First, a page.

If it’s summer, it must be family reunion time.
I spent part of the day last Friday at just such a gathering, and it wasn’t even part of my family. I was invited to facilitate a group discussion among senior members of a group that was first formed 50 years ago by six cousins.
Over the years the group has grown large enough that it’s now divided into three clans. In 1977, they started having reunions and Friday’s gathering marked the 11th of the triennial affairs.
The family has taken on the task of documenting its history through a book and DVD. We assembled a stellar group representing all three clans to record the history and stories of the Swedish immigrants who met in Chicago and started it all well over a century ago.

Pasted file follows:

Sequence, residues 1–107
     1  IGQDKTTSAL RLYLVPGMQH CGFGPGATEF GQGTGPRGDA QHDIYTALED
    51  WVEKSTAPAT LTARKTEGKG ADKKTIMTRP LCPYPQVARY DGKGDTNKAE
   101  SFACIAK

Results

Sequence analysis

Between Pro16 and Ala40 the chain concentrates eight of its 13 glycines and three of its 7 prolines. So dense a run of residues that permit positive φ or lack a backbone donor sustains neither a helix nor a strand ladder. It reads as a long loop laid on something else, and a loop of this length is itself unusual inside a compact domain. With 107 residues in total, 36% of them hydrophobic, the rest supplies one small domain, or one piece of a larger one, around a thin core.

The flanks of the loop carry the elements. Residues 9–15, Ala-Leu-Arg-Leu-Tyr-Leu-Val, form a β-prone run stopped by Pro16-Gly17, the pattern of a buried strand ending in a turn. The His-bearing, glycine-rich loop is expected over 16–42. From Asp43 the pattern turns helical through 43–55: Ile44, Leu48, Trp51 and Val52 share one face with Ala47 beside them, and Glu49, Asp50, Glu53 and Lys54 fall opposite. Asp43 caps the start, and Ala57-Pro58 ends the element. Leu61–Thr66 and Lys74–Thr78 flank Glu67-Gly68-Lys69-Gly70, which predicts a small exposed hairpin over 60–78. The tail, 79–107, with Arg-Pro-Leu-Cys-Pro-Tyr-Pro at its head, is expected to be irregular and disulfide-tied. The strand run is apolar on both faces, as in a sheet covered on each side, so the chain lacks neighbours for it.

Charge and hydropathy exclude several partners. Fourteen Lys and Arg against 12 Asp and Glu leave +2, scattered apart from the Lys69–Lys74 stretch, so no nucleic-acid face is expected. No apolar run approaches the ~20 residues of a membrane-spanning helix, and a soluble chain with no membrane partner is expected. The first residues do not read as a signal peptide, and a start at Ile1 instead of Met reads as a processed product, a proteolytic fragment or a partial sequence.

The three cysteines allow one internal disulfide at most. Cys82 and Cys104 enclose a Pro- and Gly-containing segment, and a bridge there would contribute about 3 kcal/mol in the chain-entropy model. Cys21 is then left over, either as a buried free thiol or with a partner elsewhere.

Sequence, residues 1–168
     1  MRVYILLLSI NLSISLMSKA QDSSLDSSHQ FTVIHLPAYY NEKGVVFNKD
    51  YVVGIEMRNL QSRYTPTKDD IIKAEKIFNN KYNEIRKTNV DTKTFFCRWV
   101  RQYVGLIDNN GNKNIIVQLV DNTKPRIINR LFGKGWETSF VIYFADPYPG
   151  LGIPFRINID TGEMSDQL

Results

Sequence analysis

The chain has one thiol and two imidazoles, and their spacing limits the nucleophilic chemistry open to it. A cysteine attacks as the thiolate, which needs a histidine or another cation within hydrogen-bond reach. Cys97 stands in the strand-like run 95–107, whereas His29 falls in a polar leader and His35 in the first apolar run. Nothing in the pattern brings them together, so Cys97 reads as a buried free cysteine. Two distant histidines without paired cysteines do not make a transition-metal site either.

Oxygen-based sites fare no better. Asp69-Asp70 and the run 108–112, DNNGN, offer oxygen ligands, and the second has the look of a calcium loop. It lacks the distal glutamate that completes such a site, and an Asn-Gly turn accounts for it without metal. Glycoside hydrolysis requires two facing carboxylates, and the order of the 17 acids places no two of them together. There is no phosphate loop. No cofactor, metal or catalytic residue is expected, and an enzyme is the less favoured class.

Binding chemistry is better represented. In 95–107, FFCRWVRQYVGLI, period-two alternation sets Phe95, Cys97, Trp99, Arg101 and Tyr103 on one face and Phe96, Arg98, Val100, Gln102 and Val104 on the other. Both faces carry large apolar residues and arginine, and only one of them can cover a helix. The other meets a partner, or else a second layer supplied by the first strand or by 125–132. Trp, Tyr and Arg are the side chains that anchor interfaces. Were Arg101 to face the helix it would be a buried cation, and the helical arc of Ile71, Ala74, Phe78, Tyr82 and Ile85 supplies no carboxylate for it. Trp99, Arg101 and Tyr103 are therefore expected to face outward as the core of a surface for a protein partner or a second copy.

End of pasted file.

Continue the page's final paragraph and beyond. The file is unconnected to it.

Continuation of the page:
At the outset, I told the group that, despite their lifelong ties, they were likely to learn something new during the 90-minute session. After tales ranging from how to make egg coffee to the sad deaths of several all-too-young family members to a fond remembrance of an uncle who loved ragtime piano so much that he even played hymns in the style, all agreed that they learned new things about their family.
Keep that in mind if you have any family gatherings coming up. Weddings, reunions, picnics, etc. are all great places to collect family stories.
If you and your relatives are really serious about your reunions, you might consider forming a family association. Most family associations have a web site, newsletter or blog and make it easy for people to keep in touch. For examples, check out the Graves Family Association of Massachusetts or the Jared Pratt Family Association which is meeting in Salt Lake City later this month.